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Jonatas Baldin

Posted on

# Implementing Dijkstra Algorithm in Go

Originally posted at Deploy Everyday.

I didn't go through Computer Science, had a very early dropout. Since I started working in the tech space, I cared a lot about RESTful APIs, preventing systems to fail. Algorithms and data structures always seemed daunting and terrifying.

After picking up the Grokking Algorithms book and giving up three times, I finally decided to put some real effort into it. And it's being an amazing adventure, I can't recommend it enough!

Chapter 7 is all about the famous Dijkstra Algorithm: finding the shortest path for a vertice in a graph. A bunch of pomodoros later, I got it. The code below is as commented as possible, to solidify the knowledge in my head and help others as well. I also wrote unit tests and the answers to the book's exercises here.

I won't go in much detail explaining the theory behind it, other resources do a better job I'd be capable of. Start with this quick video, take a look at Brilliant's article and, of course, read the already mentioned book if you can.

It probably can be improved, as everything can. I think this is a nice balance between "working" and "readable". If you have any nice tips to contribute, please leave it in the comments ✨

Well, here it is, the Dijkstra Algorithm in Go:

``````package main

import (
"fmt"
"sort"
"strconv"
)

type Graph struct {
Edges []*Edge
Nodes []*Node
}

type Edge struct {
Parent *Node
Child  *Node
Cost   int
}

type Node struct {
Name string
}

const Infinity = int(^uint(0) >> 1)

func (g *Graph) AddEdge(parent, child *Node, cost int) {
edge := &Edge{
Parent: parent,
Child:  child,
Cost:   cost,
}

g.Edges = append(g.Edges, edge)
}

func (g *Graph) AddNode(node *Node) {
var isPresent bool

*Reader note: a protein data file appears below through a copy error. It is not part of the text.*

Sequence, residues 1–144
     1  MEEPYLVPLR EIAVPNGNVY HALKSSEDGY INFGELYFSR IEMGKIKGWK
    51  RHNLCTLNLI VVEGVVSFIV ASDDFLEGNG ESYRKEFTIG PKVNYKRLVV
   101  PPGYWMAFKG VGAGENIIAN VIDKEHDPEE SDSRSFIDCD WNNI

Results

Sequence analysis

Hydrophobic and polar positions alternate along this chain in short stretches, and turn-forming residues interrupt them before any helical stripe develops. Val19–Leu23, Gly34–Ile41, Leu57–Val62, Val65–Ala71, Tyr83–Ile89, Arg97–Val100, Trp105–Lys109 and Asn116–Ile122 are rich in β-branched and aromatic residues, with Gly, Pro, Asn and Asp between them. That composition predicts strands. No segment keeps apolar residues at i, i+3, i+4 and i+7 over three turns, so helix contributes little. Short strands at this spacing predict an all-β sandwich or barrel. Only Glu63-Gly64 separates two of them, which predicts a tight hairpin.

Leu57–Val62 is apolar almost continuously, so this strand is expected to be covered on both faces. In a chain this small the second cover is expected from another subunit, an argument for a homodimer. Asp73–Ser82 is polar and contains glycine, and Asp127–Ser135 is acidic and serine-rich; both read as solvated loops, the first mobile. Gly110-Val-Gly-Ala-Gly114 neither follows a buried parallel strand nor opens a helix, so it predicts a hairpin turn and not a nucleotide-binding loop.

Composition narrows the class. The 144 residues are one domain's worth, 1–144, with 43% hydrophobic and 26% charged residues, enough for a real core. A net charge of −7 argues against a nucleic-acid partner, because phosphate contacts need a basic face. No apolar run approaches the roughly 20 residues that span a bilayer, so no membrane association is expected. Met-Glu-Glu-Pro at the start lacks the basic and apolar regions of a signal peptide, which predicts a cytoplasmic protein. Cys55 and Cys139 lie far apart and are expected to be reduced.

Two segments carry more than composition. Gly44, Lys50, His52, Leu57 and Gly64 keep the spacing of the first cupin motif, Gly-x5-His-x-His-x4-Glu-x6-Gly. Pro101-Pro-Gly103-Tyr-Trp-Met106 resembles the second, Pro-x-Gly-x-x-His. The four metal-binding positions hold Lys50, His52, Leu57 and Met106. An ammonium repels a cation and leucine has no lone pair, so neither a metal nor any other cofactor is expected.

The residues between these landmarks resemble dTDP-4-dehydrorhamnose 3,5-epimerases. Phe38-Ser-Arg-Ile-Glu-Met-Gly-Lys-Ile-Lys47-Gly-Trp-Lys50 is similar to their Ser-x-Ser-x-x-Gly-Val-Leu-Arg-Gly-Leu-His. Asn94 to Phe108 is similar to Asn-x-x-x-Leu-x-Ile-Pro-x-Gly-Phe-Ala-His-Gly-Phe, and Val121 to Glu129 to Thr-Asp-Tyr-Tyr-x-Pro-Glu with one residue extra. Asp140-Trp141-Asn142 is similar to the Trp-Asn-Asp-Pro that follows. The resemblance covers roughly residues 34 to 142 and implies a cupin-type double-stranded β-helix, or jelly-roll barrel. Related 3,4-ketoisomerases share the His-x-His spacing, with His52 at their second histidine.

for _, n := range g.Nodes {
if n == node {
isPresent = true
}
}

if !isPresent {
g.Nodes = append(g.Nodes, node)
}
}

// String returns a string representation of the Graph
func (g *Graph) String() string {
var s string

s += "Edges:\n"
for _, edge := range g.Edges {
s += edge.Parent.Name + " -> " + edge.Child.Name + " = " + strconv.Itoa(edge.Cost)
s += "\n"
}
s += "\n"

s += "Nodes: "
for i, node := range g.Nodes {
if i == len(g.Nodes)-1 {
s += node.Name
} else {
s += node.Name + ", "
}
}
s += "\n"

return s
}

// Dijkstra implements THE Dijkstra algorithm
// Returns the shortest path from startNode to all the other Nodes
func (g *Graph) Dijkstra(startNode *Node) (shortestPathTable string) {

// First, we instantiate a "Cost Table", it will hold the information:
// "From startNode, what's is the cost to all the other Nodes?"
// When initialized, It looks like this:
// NODE  COST
//  A     0    // The startNode has always the lowest cost to itself, in this case, 0
//  B    Inf   // the distance to all the other Nodes are unknown, so we mark as Infinity
//  C    Inf
// ...
costTable := g.NewCostTable(startNode)

// An empty list of "visited" Nodes. Everytime the algorithm runs on a Node, we add it here
var visited []*Node

// A loop to visit all Nodes
for len(visited) != len(g.Nodes) {

// Get closest non visited Node (lower cost) from the costTable